• The Virtual Asset Regulatory Authority (VARA) in Dubai recently released guidelines for virtual asset service providers (VASPs).
• These guidelines included a ban on privacy coins, which have stirred up responses from the crypto community.
• Christopher Goes, co-founder of privacy protocol Anoma, said that the ban demonstrates a lack of consideration for the public and their basic human right to privacy.
The Ban on Privacy Coins in Dubai
The Virtual Asset Regulatory Authority (VARA) recently provided the much-awaited guidelines for virtual asset service providers (VASPs) in Dubai, United Arab Emirates. Included within these guidelines is a ban on privacy coins. This news has sparked some response from both market participants within Dubai as well as a privacy protocol project.
Effects of the Ban
Khaled Moharem, president of the Middle East at blockchain-based payments ecosystem WadzPay, said that while this news didn’t come as a surprise due to similar indications from other regions, more time is needed to fully assess the implications of this new development. He also added that digital currencies such as Bitcoin and Ethereum are not untraceable and are subject to certain Know Your Customer and Anti-Money Laundering measures which help prevent funds being used for illicit purposes.
Christopher Goes’ Response
Christopher Goes, co-founder of privacy protocol Anoma pointed out that privacy is a basic human right and argued that this ban demonstrates a lack of consideration for the public. He believes it should be respected by all governments regardless of where they are located or what industry they are involved in.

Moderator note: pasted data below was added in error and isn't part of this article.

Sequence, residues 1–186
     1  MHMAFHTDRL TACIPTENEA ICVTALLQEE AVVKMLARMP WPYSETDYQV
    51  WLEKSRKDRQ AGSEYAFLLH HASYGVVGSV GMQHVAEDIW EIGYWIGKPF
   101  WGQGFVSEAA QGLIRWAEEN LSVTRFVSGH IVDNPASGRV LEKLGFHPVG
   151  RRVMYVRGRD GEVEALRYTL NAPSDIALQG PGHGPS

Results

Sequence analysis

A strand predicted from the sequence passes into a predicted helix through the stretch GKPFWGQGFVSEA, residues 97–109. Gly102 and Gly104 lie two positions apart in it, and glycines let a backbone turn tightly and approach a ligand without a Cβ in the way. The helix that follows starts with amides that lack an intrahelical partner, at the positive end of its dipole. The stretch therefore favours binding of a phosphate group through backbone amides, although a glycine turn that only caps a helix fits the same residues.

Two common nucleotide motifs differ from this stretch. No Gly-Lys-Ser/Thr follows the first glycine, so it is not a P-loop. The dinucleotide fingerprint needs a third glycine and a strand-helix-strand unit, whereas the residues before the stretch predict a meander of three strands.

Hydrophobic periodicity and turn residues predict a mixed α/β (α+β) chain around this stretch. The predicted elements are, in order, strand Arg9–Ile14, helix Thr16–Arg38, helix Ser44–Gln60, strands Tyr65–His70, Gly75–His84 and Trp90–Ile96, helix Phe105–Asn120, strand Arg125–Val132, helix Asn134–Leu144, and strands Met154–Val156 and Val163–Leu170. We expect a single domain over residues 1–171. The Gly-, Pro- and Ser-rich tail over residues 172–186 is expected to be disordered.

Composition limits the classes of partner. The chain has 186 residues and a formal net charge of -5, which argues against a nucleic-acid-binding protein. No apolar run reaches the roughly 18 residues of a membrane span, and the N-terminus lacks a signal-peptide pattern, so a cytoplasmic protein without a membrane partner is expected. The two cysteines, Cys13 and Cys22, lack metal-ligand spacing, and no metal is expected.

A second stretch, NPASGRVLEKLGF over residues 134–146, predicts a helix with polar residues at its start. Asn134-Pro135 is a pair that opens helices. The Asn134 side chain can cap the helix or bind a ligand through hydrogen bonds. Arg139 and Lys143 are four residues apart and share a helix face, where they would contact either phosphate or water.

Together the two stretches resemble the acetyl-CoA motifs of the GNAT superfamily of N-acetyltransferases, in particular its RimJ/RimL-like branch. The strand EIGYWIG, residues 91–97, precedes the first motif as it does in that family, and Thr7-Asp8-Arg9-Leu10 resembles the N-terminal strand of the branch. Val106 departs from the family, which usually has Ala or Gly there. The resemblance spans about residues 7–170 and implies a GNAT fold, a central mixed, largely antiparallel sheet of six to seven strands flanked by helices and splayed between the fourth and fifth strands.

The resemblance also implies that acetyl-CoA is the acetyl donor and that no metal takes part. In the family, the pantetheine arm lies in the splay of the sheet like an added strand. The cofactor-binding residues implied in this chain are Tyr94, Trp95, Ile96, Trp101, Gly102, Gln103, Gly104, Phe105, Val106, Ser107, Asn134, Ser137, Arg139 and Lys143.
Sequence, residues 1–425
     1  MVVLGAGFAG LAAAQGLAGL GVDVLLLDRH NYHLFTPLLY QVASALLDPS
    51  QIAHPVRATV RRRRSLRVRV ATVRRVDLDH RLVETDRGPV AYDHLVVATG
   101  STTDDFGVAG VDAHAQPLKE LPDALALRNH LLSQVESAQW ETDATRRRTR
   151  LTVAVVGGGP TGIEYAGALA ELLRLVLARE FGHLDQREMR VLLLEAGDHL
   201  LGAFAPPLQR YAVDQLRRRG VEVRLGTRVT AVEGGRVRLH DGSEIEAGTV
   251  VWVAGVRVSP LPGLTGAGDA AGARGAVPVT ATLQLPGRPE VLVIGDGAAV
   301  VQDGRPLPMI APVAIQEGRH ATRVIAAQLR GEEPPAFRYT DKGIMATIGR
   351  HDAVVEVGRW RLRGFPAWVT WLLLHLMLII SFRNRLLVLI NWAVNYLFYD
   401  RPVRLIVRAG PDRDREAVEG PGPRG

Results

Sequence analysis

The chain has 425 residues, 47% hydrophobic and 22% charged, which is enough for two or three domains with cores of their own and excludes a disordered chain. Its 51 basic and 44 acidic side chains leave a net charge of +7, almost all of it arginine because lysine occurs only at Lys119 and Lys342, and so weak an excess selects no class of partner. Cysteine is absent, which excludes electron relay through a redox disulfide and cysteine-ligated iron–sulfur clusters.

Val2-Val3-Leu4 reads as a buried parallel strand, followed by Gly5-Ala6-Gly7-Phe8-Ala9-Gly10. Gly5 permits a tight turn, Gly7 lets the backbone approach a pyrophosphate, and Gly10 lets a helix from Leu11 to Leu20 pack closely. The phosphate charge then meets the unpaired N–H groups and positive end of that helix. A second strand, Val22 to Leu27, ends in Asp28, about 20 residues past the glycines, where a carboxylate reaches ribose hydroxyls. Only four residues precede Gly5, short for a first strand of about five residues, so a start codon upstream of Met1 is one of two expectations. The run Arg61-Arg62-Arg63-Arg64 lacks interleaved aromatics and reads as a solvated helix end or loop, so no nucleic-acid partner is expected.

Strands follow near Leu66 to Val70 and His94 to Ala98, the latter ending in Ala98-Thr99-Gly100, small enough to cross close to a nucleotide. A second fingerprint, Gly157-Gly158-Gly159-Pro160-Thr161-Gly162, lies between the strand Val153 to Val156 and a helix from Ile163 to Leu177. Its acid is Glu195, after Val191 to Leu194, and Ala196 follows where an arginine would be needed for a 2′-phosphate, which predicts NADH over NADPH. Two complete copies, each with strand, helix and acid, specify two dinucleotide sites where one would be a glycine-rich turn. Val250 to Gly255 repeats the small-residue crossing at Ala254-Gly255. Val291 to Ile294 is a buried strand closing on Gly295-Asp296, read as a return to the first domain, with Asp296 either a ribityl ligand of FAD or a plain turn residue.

Other players within Dubai have yet to give their opinion on this matter but their initial assessment shows that issuance will be banned due to traceability reasons. It remains to be seen if there will be any further changes or amendments made to these regulations as time passes by.
The recent announcement by VARA regarding its regulations on virtual assets has left many people with mixed feelings about this ban on privacy coins in particular. While some may agree with it due to traceability reasons, others disagree because it reduces their basic human right to privacy without giving them an option otherwise. It’s clear that more discussion needs to happen before people can come together and reach an agreement about how best to move forward with regards to these regulations in order for everyone involved can benefit from them equally